Recipes for Picky Eaters: Prosciutto Calzones

You will never have a better calzone than these. The secret is not only using the exact amount of cheese and fillings that you like, but in the egg wash that gives these calzones the golden brown crust you won’t find in an Italian restaurant. We use a modified pizza dough recipe that originated in the cookbook that came with our first bread machine. This requires a pizza stone and pizza peel for best results.

Pizza Dough Ingredients

¾ cup warm water
1 Tbsp olive oil
1 ½ tsp salt
1 ¼ cups all purpose flour
1 cup white whole wheat flour
1 tsp sugar
1 tsp active dry yeast
1 Tbsp Italian seasoning (optional)

Pizza Dough Directions

Place all ingredients in your bread maker in the order listed on the machine’s dough setting. Follow manufacturer’s instructions to make the dough. Makes 1 pound of pizza dough.

Calzone Ingredients

1 lb pizza dough (recipe above)
1 small container reduced fat or fat free ricotta cheese (never use fat free ricotta – it’s awful)
8 oz shredded mozzarella cheese, reduced fat
¼ lb thinly sliced prosciutto ham or your favorite fillings (optional)
1 packet Boboli pizza sauce (or your favorite Marinara sauce) (optional)
Corn meal or flour
1 egg, beaten in a small bowl

Preheat oven to 375 with pizza stone in the oven. Sprinkle corn meal or flour over the surface of your pizza peel so that the dough won’t stick. Place ball of pizza dough on the corn meal and roll into a circle of uniform thickness. (Alternately, you can divide the dough into the number of individual servings you would like to make and repeat the process for each ball of dough.) Try moving the peel to make sure the dough “shimmies” on top of the corn meal.

Spread ricotta cheese evenly across the surface of the dough, leaving approximately ½ inch of dough clean around the perimeter so you’ll be able to seal the crust.

Carefully approximate the halfway mark in the ricotta circle you just created. Pile as much shredded mozzarella and other fillings as you’d like (and will fit) on top of the ricotta on the half of the calzone closest to you. If you pile your fillings across all of the ricotta, you probably won’t be able to seal the dough for baking. I like to layer the mozzarella and prosciutto so that every bite will be equally delicious, and the ham will be less likely to fall apart when you’re eating it if it’s held together by the melted cheese.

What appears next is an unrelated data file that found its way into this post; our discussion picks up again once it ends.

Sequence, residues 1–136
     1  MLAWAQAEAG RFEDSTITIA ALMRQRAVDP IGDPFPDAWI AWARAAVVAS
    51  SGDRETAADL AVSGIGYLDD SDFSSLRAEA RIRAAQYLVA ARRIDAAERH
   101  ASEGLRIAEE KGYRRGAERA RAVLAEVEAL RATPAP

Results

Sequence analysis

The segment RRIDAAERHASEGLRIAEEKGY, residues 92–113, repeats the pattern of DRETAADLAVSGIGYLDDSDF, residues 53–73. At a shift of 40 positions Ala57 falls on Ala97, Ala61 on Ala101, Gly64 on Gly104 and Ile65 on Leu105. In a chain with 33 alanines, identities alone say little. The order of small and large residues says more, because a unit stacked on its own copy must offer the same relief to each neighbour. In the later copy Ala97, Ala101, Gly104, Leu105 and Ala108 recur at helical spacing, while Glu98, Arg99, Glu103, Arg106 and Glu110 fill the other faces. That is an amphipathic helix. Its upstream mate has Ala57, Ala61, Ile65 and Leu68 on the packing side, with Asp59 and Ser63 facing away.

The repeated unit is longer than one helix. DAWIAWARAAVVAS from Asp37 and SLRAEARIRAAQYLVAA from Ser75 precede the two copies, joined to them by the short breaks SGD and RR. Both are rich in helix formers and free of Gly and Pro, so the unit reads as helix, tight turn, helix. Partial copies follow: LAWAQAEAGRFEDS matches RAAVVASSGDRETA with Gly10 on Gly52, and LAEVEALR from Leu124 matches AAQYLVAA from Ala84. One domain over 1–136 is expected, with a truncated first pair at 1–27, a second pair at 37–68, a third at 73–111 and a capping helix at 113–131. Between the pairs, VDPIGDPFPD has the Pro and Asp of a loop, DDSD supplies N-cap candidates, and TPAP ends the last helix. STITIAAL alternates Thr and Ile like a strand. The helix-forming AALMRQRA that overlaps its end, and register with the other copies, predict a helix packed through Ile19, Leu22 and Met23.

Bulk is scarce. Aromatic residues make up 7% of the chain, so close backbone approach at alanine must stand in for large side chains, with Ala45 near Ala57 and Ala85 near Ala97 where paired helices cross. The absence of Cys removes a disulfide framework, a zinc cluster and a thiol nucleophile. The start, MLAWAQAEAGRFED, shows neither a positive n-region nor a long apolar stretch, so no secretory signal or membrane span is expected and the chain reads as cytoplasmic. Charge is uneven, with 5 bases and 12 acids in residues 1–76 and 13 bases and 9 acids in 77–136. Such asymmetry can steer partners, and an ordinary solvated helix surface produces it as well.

Fold the other half of the dough over the half that you just piled with fillings. Press the bare edges of the dough together firmly with your fingers to seal. Fold over the sealed edges and press again for good measure. Sometimes I fold the edges over a second time and crimp with a fork to ensure that the melted cheese won’t come spilling out all over my oven. (It’s happened before, and it is not fun to clean up!)

Poke holes into the top of your calzone to allow steam to vent. I like making designs with the fork, sometimes our initials or a heart. With a pastry brush, brush the top of the calzone with your egg wash (the beaten egg in the bowl). DO NOT brush the bottom side of the calzone, or it may stick to the pizza stone while it cooks, and it’s very difficult to get unstuck when you’re ready to eat! (This also makes a very big mess.)

Transfer the calzone from the peel to the stone in the oven carefully. (This is why we checked to make sure there was enough corn meal to allow the dough to shimmy, so we knew it wouldn’t stick when we put it on the stone in the oven!) Bake for approximately 20 minutes, or when the top of the calzone is golden brown. Remove from the oven and slice into individual servings with a pizza wheel. Serve with a small dipping bowl filled with Boboli pizza sauce or marinara sauce that has been warmed in the microwave or on the stove top, if desired. We eat these hearty calzones with a fork and knife.

Alternate filling choices may include: pepperoni, sausage, peppers, grilled chicken, Buffalo chicken, onions, broccoli, olives, or mushrooms. If your family enjoys different fillings, you may want to consider dividing the dough into smaller calzones to customize individual fillings.

Christina Gleason (976 Posts)

That’s me: Christina Gleason. I’m a professional copywriter, editor, and blogger. My company is called Phenomenal Content. (Hire me!) I'm a multiply disabled autistic woman doing my best in this world built for abled people. I’m a geek for grammar, fantasy, and select types of gaming, including Twitch Sings and Plants vs Zombies 2. I hate vegetables. I have an intense phone phobia, so I’ll happily conduct business over email or IM instead.


  1. Amazing calzone!

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